Ikioi (0-5) came close to pulling off the upset of his career against Hakuho. In a characteristically spirited fight he very nearly conquered the yokozuna, slapping the champ down by the shoulder. But, the gyoji was right calling Hakuho as victor. On review, the heel of Ikioi’s foot had touched the dirt on the wrong side of the straw bale while Hakuho was still in the air [blurry picture above]. He’s clearly much better than his winless record would attest…but he’ll get there.
Harumafuji’s near-henka over Tochiozan wasn’t a crowd pleasing way to win but it was effective. All of his bouts so far have been over very quickly. Though still tied with Hakuho and Okinoumi at 5-0, he has been most formidable to this point. Kakuryu (4-1) was able to hang on, quite literally, in a great bout against Terunofuji (2-3). Their bout was a very evenly matched contest. Both had hold of each other’s belts and a few times Terunofuji got Kakuryu off the ground but he would pick him up while in the center of the dohyo, too far from the edge of the ring to make that effective, wasting too much energy in this endurance test.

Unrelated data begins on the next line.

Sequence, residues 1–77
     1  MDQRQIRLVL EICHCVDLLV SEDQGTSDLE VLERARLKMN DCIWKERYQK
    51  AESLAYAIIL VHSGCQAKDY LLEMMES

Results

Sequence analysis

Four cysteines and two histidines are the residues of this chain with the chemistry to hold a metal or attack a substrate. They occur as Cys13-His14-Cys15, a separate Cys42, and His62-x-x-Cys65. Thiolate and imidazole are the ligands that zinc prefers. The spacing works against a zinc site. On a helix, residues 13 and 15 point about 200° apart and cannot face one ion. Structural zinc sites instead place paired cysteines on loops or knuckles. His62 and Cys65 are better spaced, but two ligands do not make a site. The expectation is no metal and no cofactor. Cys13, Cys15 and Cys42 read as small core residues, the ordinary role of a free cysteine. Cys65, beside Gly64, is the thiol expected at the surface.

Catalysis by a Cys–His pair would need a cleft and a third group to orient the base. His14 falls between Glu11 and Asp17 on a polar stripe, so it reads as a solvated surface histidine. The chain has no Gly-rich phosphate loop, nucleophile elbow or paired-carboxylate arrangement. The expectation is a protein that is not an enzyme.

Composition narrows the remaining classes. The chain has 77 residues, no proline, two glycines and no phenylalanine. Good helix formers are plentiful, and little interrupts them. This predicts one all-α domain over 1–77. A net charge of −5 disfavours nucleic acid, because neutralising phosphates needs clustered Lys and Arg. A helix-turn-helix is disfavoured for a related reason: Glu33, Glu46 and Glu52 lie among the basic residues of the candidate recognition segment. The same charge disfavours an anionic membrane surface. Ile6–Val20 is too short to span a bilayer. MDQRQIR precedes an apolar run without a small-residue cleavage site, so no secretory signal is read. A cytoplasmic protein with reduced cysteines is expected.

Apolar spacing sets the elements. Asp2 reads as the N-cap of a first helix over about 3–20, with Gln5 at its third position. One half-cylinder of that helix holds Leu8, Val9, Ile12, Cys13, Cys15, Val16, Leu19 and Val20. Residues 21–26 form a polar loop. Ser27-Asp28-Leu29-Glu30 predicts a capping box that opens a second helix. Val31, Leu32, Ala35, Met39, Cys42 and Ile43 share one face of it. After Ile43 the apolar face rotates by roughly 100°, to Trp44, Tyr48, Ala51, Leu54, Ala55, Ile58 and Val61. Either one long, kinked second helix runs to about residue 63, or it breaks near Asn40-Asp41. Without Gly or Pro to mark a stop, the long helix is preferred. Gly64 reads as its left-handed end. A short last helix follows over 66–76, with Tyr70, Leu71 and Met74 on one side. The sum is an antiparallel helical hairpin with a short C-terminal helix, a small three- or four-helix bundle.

Takayasu got behind Ichinojo at the tachiai and from there was easily able to push him out. In another upset, though I’d called it yesterday, Tochinoshin (1-4) was able to use that size advantage and send Goeido (3-2) to the floor. Goeido never had much of a chance but put in a valiant effort trying to stay on his feet. Kotoshogiku (3-2) bounced back by bouncing Takarafuji off the dohyo.
Endo (2-3) got his first victory over Jokoryu and second win of the tournament. It was a wild match but Endo was able to get Jokoryu (3-2) turned around briefly and pushed him to the edge. Even going down, Jokoryu was still battling to grab Endo and pull him out and Endo’s momentum carried him half way back up the tunnel to the changing rooms – but Jokoryu had fallen to the ground first. For his efforts, he gets Hakuho tomorrow. He must step it up against these stronger opponents but even with 3 losses has a good chance of a winning record.
Oosunaarashi (3-2) seemed to climb a bit gingerly back onto the dohyo after his loss today, particularly the right leg. He also didn’t seem to have much leg drive during the bout to counter Tokushoryu (3-2). Tokushoryu was able to get a quick belt grip and use his leverage to force the Egyptian over the edge.